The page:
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March 16, 2007   Email to Friend 

Mitchell introduces bill to define agriculture and agricultural

Sen. Wendell Mitchell, D-Luverne, introduced SB 164 this week in an effort to more clearly define “agriculture” and “agricultural” to apply whenever these terms are used in the Code of Alabama, except in those instances where the context indicates otherwise.

Senate co-sponsors of the bill include Sens. Scott Beason, R-Gardendale, Jim Preuitt, D-Talladega, Parker Griffith, D-Huntsville, Jimmy Holley, D-Elba, Ag Committee Chairman Kim Benefield, D-Woodland, Lowell Barron, D-Fyffe, Senate Majority Leader Zeb Little, D-Cullman, Linda Coleman, D-Birmingham and Ben Brooks, R-Mobile. Current state law has only one definition of agriculture, and it is outdated. It did not include items such as ornamental horticulture, timber management and wildlife production.

The bill has been assigned to the Senate Governmental Affairs Committee where Mitchell serves as chairman.

In the House, the bill will be sponsored by Rep. Marcel Black, D-Tuscumbia. Several representatives have indicated they will be co-sponsors of the bill.

The bill will cover on-farm recreational or educational activities directly involving the production of farm products, fishing and wildlife activities.

Specifically, the bill states those activities, land, buildings, and machinery relating to any of the following:
• The raising, harvesting, rotation, selling, or marketing of crops or products of the soil planted, served, or saved including cereals, vegetables, fruits, fibers, sugars, resins and pitches, grasses, grains, seeds, nuts, bulbs, feed, forage, wood and wood by-products, nursery stock, including trees and shrubs or other plants grown or kept for propagation, distribution or sale, vegetable oils, flowers, silage, pasturage and other products and produce thereof.
• The feeding, breeding, management, raising, marketing, sale or production of livestock of all types, poultry, insects, fish and other aquatic animals for meat, leather, eggs, fur, milk, bone, liquids and other products and produce thereof.
• Recreational or educational activities directly involving or relating to the production of farm products of the types described in the two previous paragraphs, including fishing or the taking, capture, or capture and release of wildlife, including wildlife animal feeding, husbandry and conservation activities, as well as fish and game management, culling, hunting and related wildlife environmental preservation activities.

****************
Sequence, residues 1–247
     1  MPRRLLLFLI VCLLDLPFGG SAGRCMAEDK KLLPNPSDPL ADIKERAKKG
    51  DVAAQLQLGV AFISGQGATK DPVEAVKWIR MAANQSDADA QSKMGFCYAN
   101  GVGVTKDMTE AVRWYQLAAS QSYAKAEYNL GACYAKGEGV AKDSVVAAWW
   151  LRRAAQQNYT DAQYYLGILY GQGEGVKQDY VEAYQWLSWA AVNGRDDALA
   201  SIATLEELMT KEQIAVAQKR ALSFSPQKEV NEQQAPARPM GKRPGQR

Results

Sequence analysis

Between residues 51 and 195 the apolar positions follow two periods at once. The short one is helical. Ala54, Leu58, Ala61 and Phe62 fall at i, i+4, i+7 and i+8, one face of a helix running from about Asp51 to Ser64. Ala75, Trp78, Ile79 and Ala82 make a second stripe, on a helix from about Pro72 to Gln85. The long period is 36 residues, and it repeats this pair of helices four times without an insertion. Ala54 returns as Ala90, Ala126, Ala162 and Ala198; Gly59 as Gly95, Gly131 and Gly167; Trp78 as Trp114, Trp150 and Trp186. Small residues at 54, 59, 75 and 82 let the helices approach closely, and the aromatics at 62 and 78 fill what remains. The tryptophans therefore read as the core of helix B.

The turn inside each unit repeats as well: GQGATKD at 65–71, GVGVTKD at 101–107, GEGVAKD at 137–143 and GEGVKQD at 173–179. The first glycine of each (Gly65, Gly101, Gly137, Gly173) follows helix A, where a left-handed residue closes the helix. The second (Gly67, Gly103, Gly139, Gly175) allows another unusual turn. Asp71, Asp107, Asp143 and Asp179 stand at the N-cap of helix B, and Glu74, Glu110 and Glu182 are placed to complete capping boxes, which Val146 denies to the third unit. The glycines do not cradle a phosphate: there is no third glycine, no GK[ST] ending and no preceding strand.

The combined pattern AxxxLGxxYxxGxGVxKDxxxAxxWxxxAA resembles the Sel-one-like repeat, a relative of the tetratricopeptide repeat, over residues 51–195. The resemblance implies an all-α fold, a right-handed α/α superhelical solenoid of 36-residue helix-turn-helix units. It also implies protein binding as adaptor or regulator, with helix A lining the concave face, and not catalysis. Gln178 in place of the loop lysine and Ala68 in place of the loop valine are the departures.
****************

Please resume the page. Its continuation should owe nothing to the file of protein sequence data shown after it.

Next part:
This act will become effective immediately if it passes.

Governor proposes record state spending

Gov. Bob Riley has proposed record spending for the state’s General Fund Budget and Education Trust Fund Budget, including a 7 percent raise to teachers, but no money to raise state employee salaries. The proposed $1.8 billion General Fund budget and the $6.6 billion Education Budget to be considered by the Legislature are likely to see changes before they return to the governor for his signature.

The Education Trust Fund Budget has gone from $4.2 billion to $6.6 billion in the past four years. The General Fund budget proposed by Riley is about $100 million more than last year's spending plan, but much of that increase is aimed at the increased cost of Medicaid.

The proposed Education Budget includes $5 million for the Career Tech Initiative backed by the Alabama Farmers Federation. The initiative provides an opportunity to put qualified ag education teachers on 12-month contracts. Also included in the education budget is a $1 million increase for the Alabama Agricultural Land Grant Alliance (Auburn University, Tuskegee University and Alabama A & M University). The increase funds research and new innovations in agriculture at the universities along with rural life enhancement programs.

The General Fund budget did not include funding for concentrated animal feeding operations (CAFO) to offset registration fees that could be charged to farmers by the Alabama Department of Environmental Management (ADEM). However, the $350,000 line item to cover the cost for inspection and compliance requirements of CAFOs is expected to be restored to the General Fund Budget next week.

The General Fund Budget includes $200,000 for fire ant control as a line item in the budget for the Alabama Department of Agriculture and Industries. Money to continue the “Buy Fresh, Buy Local” program is included in the Alabama Farmers Market Authority budget.

The General Fund budget includes funding to hire 100 new state troopers and to improve service at driver's license offices across the state. It also includes additional funding for screening women for breast and cervical cancer and for children's health insurance.

Thursday, House Ways and Means Chairman Rep. John Knight, D-Montgomery, introduced HB 387 that would give all state employees a cost of living raise.

Mandatory insurance limits bill introduced

A bill that would raise the cost of insurance for motorists throughout the state, SB 202, was introduced this week by Sen. Roger Bedford, D-Russellville.